The Taltsy Architectural and Ethnographic Open-air Museum is a unique collection of monuments of history, architecture, and ethnography. The museum welcomed its first visitors in 1980. In 1995, it was assigned federal status as a historical and cultural heritage site. The museum is situated on the 47th kilometer of the Baikal highway, on the picturesque right bank of the Angara river in the Taltsin nature area.
The museum has retrospectively recreated four historic and cultural zones: the Russian, Buryat, Evenki, and Tofalar. Buryats, Evenkis, and Tofalars are the indigenous populations of the Baikal area. Their way of life, unique practices, and beliefs are told by the Evenki and Tofalar camping grounds, the complex of Evenki burial grounds, and the Buryat summer nomad camp.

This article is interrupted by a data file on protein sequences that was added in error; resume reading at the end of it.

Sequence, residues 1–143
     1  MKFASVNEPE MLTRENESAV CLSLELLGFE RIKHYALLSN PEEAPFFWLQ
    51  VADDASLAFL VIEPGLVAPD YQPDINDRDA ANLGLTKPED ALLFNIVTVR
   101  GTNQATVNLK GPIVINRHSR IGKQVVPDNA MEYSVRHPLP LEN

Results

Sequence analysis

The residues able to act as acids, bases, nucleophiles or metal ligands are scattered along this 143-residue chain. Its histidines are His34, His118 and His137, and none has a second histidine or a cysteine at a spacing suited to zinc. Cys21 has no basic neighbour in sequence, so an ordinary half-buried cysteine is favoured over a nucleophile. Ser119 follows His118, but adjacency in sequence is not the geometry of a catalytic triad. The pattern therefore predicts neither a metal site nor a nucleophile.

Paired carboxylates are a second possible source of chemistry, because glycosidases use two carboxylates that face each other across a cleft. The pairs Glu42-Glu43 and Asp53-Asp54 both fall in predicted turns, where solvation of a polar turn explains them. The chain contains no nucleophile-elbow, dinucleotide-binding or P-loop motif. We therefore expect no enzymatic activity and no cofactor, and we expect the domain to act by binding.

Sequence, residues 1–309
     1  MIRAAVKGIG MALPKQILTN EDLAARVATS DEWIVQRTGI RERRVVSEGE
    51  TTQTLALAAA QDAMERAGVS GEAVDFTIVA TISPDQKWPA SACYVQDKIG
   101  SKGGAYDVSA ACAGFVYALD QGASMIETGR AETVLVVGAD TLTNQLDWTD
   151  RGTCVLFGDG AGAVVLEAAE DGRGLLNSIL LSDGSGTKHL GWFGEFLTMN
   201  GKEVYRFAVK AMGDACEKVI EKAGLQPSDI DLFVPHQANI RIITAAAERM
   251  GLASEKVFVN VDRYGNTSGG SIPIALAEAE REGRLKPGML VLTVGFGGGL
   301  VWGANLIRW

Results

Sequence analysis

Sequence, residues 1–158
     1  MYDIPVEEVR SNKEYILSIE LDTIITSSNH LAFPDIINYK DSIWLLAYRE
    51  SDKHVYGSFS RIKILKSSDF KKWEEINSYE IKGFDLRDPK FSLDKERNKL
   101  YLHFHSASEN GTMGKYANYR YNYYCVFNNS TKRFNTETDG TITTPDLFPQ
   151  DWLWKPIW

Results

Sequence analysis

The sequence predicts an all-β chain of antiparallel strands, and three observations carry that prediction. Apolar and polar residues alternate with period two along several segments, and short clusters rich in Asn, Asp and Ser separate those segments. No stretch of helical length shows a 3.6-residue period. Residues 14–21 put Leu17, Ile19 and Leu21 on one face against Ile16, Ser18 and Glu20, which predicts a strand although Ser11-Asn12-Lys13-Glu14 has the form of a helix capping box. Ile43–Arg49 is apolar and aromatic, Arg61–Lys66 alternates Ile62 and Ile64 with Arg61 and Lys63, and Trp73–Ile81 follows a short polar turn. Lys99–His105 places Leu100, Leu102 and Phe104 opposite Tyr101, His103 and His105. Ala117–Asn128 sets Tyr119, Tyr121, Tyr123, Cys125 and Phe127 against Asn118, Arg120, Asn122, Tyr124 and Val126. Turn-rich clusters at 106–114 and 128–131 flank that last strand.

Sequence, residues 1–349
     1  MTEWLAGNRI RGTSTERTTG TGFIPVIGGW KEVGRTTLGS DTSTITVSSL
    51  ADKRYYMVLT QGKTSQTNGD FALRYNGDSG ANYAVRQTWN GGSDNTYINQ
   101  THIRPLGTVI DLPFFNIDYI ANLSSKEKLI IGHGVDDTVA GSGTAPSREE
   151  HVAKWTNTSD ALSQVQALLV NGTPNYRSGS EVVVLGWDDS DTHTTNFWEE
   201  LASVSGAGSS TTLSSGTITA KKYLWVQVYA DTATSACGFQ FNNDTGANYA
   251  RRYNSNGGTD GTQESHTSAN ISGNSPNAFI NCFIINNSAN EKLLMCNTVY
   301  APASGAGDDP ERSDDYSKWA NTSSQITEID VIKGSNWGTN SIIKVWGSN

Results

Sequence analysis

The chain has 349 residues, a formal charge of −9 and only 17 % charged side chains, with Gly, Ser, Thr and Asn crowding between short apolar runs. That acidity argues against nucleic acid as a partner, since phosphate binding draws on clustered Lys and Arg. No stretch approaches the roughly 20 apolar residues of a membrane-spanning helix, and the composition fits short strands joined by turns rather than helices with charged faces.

The motion to create such a museum followed the construction of a hydroelectric power station on the Angara river and the consequent flooding of the Angara and Ilim rivers. Three-hundred-year-old villages that stood on the banks of these rivers were about to be submerged. So in 1966 a decision was taken to organize a museum of wooden architecture. It was crucial to save the ancient monuments of Siberian religious and utilitarian wooden architecture, such as the Spasskaya Gate Tower and the Kazanskaya Gate Chapel of the Ilimskiy prison.
The Taltsy Museum traditionally holds folk festivities in observance of Easter, the Maslenitsa festival, the Savior of the Apple Feast day, and Trinity Sunday. The museum serves as a gathering place for masters of weaving, wickerwork, birchbark crafts, and pottery. Several of the museum's peasant houses serve as workshops where masters share the secrets of their craft and demonstrate their creations.
Irkutskaya Oblast Tourism Agency / irkobl.ru
|Address:||Irkutskaya Oblast, Irkutsk, Gryaznova Street, 22|